“I believe you,” he’d said.
“But Cole’s going to be harder to convince. I love him like a brother, but of the three of us, he’s the most fucked up.
Honestly, he has the most reason to be.” “I don’t care about the reasons. And I’m not giving up on him.” “Good,” he said, then kissed my forehead.
Now I drew in a breath for courage, then walked inside the hangar, knowing that the crew was holding the plane for me, making excuses about mechanical issues per Evan’s instructions so Cole wouldn’t wonder why they weren’t already underway.
“Welcome aboard, Ms.
Laron,” a petite flight attendant said as I began to climb the stairs leading into the main cabin. “Mr. Black requested that you stay in the crew section until we’re underway, and then you can move to the main cabin.” She said all that as if it wasn’t the world’s strangest request, and I had to admire her professionalism. The plan had been Evan’s, but I’d easily agreed. Because there was no way that Cole could kick me off this plane once we were cruising at thirty thousand feet.
The attendant, who introduced herself as Jana, offered me a glass of wine before takeoff, which I gratefully took. Then, once we were airborne, she offered me another, and I downed that as well. By the time the plane had reached cruising altitude and I was allowed to stand up and move through the door that separated the two sections, I’d bolstered my courage enough to think that I just might survive the wrath of Cole.
I drew in a breath, then another, then slid the door open, stepped inside, and closed it behind me. I saw him immediately, of course, as he was the only person in the cabin. He was seated in one of the chairs that surrounded a small table. He was leaning back, a White Sox baseball cap pulled low over his eyes.
He hadn’t noticed me, and I took a moment to look around. I’d never been in a private jet before, and this small room seemed more like a hotel lobby than the interior of a plane.
There were three other chairs around the table at which Cole sat, making a small conversation area. On the opposite side of the cabin, a sofa sat beneath a row of cloud-filled windows. A small coffee table filled the space in front of it. Finally, two plush recliners filled the area in the rear.
The entire cabin positively gleamed with polished wood and bright metal trim. The upholstery managed to look both comfortable and expensive. Honestly, I could get used to this.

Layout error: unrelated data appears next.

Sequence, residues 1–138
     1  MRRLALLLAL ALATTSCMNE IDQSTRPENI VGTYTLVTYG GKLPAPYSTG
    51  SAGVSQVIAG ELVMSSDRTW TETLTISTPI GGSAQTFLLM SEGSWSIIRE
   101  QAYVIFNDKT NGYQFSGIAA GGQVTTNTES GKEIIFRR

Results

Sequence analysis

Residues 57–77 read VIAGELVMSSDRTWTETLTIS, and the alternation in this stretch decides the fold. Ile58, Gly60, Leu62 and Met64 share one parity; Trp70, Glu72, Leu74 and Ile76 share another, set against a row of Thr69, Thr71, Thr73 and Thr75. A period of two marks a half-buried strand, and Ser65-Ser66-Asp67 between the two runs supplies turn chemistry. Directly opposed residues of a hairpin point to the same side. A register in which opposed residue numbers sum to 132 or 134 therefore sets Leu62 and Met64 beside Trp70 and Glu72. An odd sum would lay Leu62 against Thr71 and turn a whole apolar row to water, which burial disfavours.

And, of course, I was stalling.
I took one step toward him, then another, then another after that until I was standing just a few feet away, my hand on the table for balance.
I started to say his name, but then he lifted his head. I couldn’t see his face because of the cap, but after a moment, it was clear that he was slowly letting his gaze travel up the length of my body, and when he reached my face, he pulled the cap off and tossed it onto the chair beside him.
“Kat,” he said, and though there was sadness in his voice, I thought that I heard hope, too.
“Hey,” I said. “Fancy meeting you here.” His mouth quirked up into a quick, tight smile. “I heard the door, then your footsteps.
I thought, dear god, that can’t be her, because that would be a miracle, and I don’t believe in miracles.” He reached out a hand for me, and I took it, letting him tug me closer. His knees brushed my legs, and that connection—that spark of light and arousal that I always felt when I was with him— burst through me, making me feel warm and happy. Making me feel like I’d come home.
“I believe in miracles,” I said. “I believe in you, too.
Cole, you shouldn’t have gone.” “You’re right,” he said, and I felt as though wings had burst free on my heart. “I shouldn’t have left like that.
But, Kat,” he added gently, “I was right to leave.” The words hit me with the force of a slap, and I knew that I had let myself believe too quickly. That I’d let hope settle inside me, and it had gotten the better of me. Like Icarus, I’d allowed those damn wings to draw me higher and higher—and all I got for my reward was to come crashing back down to earth.
“You son of a bitch,” I said, my voice as tight as wire because right then it was me who was having to work to control my temper. “I never took you for a coward or a fool, but you’re both. I can’t fucking believe it, but you’re both.” “Dammit, Kat, don’t do this.” “Don’t do what? Don’t fall in love with you?” The minute the words were out of my mouth I wished I could suck them back in.
“Dammit,” I said, then pushed away from him, needing space to think and to move.
I stalked to the couch at the back of the cabin and fell upon it, then bent over, my head in my hands. Goddamn him. Goddamn him to hell.
I felt the pressure of his hand on my shoulder, but I didn’t look up. I knew I couldn’t. Not yet. Not without crying. I’d shown too much of my heart, and I really wasn’t in the mood to have it trampled.
The cushion shifted as he sat next to me, then took my hand, twining his fingers through mine. “You’re missing your closing.” “Yeah,” I said. “I know.” “Baby...” I sighed. “I talked to Cyndee. The sellers will do their thing, and then I’ll do mine and eventually I’ll get the house.” “That’s not the point,” he said gently. “It’s the ritual.
The being there. In that tiny room scrawling your name on all that official-looking paperwork. Besides, don’t you have movers coming on Saturday?” I turned my head so that I could look at him. “Some things are more important.” He held my gaze for a moment, then ran his hands over his head. He stood up, paced to the end of the cabin, then turned around and came back again. I knew he was looking at me—I could feel the weight of his gaze—but I was focused on his hands. On the fists he made and released. On the battle he was waging.
Finally, he stopped in front of me. “I sat in that room at The Drake and listened to your father praise me for taking care of you.
And what a goddamn load of bullshit that was.” “Cole—” “No. I practically forced you in that ladies’ room.